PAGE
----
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27
NonTuring computations via MalamentHogarth spacetimes
 Int. J. Theoretical Phys
, 2002
"... We investigate the Church–Kalmár–Kreisel–Turing Theses concerning theoretical (necessary) limitations of future computers and of deductive sciences, in view of recent results of classical general relativity theory. We argue that (i) there are several distinguished Church–Turingtype Theses (not only ..."
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Cited by 66 (8 self)
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We investigate the Church–Kalmár–Kreisel–Turing Theses concerning theoretical (necessary) limitations of future computers and of deductive sciences, in view of recent results of classical general relativity theory. We argue that (i) there are several distinguished Church–Turingtype Theses (not only one) and (ii) validity of some of these theses depend on the background physical theory we choose to use. In particular, if we choose classical general relativity theory as our background theory, then the above mentioned limitations (predicted by these Theses) become no more necessary, hence certain forms of the Church– Turing Thesis cease to be valid (in general relativity). (For other choices of the background theory the answer might be different.) We also look at various “obstacles ” to computing a nonrecursive function (by relying on relativistic phenomena) published in the literature and show that they can be avoided (by improving the “design ” of our future computer). We also ask ourselves, how all this reflects on the arithmetical hierarchy and the analytical hierarchy of uncomputable functions.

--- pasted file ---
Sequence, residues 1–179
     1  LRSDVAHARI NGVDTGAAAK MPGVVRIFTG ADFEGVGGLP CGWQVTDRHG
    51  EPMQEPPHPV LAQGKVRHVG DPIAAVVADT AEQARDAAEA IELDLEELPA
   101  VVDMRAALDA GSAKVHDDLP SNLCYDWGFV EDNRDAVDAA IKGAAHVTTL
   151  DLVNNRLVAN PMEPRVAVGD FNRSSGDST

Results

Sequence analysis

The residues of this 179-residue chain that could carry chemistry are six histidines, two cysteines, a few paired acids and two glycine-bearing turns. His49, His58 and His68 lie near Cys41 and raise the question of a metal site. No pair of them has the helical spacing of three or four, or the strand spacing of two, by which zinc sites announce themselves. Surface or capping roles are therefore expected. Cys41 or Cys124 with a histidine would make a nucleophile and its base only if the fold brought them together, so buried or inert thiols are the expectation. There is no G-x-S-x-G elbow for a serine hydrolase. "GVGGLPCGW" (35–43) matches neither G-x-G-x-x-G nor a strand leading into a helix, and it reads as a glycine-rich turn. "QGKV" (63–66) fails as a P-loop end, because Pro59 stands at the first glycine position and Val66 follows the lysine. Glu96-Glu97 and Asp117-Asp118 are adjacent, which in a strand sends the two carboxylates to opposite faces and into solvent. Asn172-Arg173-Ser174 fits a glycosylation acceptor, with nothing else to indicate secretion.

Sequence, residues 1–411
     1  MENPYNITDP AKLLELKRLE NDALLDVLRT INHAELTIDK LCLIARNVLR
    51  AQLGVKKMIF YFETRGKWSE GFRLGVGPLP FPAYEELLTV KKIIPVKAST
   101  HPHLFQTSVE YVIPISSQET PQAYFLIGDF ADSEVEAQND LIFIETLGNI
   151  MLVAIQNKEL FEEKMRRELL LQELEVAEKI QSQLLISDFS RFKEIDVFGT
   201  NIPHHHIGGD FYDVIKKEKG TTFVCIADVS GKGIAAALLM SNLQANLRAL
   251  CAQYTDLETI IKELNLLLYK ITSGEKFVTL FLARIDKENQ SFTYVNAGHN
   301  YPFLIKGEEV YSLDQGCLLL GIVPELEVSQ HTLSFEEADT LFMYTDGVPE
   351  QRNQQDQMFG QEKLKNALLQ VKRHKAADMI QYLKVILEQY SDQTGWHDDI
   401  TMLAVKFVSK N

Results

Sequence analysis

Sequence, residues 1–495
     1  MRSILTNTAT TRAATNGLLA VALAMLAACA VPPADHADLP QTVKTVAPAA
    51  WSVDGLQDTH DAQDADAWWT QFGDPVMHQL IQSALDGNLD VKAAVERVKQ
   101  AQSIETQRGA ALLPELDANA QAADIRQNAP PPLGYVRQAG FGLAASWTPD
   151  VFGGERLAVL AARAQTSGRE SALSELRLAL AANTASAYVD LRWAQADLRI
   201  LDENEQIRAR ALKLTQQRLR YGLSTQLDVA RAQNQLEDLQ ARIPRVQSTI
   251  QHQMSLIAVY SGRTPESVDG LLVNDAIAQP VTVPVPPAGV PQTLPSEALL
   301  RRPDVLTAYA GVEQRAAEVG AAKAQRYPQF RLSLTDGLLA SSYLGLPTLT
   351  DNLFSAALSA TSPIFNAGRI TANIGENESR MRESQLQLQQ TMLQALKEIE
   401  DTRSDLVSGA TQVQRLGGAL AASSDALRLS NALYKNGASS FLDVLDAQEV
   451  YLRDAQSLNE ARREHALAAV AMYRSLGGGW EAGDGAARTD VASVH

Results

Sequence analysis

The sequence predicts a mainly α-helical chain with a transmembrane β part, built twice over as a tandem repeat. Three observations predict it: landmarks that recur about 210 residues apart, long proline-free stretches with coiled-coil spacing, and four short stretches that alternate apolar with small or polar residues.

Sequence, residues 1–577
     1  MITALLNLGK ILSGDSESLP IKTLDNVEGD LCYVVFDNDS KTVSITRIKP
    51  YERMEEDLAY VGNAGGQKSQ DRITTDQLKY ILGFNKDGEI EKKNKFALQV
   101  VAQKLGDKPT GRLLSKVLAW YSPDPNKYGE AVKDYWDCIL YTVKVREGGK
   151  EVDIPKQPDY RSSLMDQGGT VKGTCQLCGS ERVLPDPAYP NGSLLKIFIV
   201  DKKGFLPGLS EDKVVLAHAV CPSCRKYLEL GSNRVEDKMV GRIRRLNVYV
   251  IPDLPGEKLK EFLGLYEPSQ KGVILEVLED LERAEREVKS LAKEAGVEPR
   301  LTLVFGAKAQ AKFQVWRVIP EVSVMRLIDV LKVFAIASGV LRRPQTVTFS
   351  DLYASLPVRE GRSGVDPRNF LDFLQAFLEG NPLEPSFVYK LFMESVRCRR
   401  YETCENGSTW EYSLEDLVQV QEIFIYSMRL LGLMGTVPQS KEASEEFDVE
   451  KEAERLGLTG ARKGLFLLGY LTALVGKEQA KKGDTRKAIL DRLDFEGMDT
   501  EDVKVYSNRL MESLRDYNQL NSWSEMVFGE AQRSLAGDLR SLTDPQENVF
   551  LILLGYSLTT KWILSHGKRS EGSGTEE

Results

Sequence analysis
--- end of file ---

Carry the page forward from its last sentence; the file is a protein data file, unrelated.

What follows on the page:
Static domain walls
 in N = 1 supergravity, Nucl. Phys. B 381
, 1992
"... 1.1 Classes of domain walls....................... 5 1.2 Walls in N = 1 supergravity..................... 6 2 Supergravity theory 9 ..."
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Cited by 39 (6 self)
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1.1 Classes of domain walls....................... 5 1.2 Walls in N = 1 supergravity..................... 6 2 Supergravity theory 9
Theorems on existence and global dynamics for the Einstein equations
 Living Rev. Relativ
"... This article is a guide to theorems on existence and global dynamics of solutions of the Einstein equations. It draws attention to open questions in the field. The local in time Cauchy problem, which is relatively well understood, is surveyed. Global results for solutions with various types of symme ..."
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Cited by 22 (3 self)
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This article is a guide to theorems on existence and global dynamics of solutions of the Einstein equations. It draws attention to open questions in the field. The local in time Cauchy problem, which is relatively well understood, is surveyed. Global results for solutions with various types of symmetry are discussed. A selection of results from Newtonian theory and special relativity which offer useful comparisons is presented. Treatments of global results in the case of small data and results on constructing spacetimes with prescribed singularity structure are given. A conjectural picture of the asymptotic behaviour of general cosmological solutions of the Einstein equations is built up. Some miscellaneous topics connected with the main theme are collected in a separate section. 1 1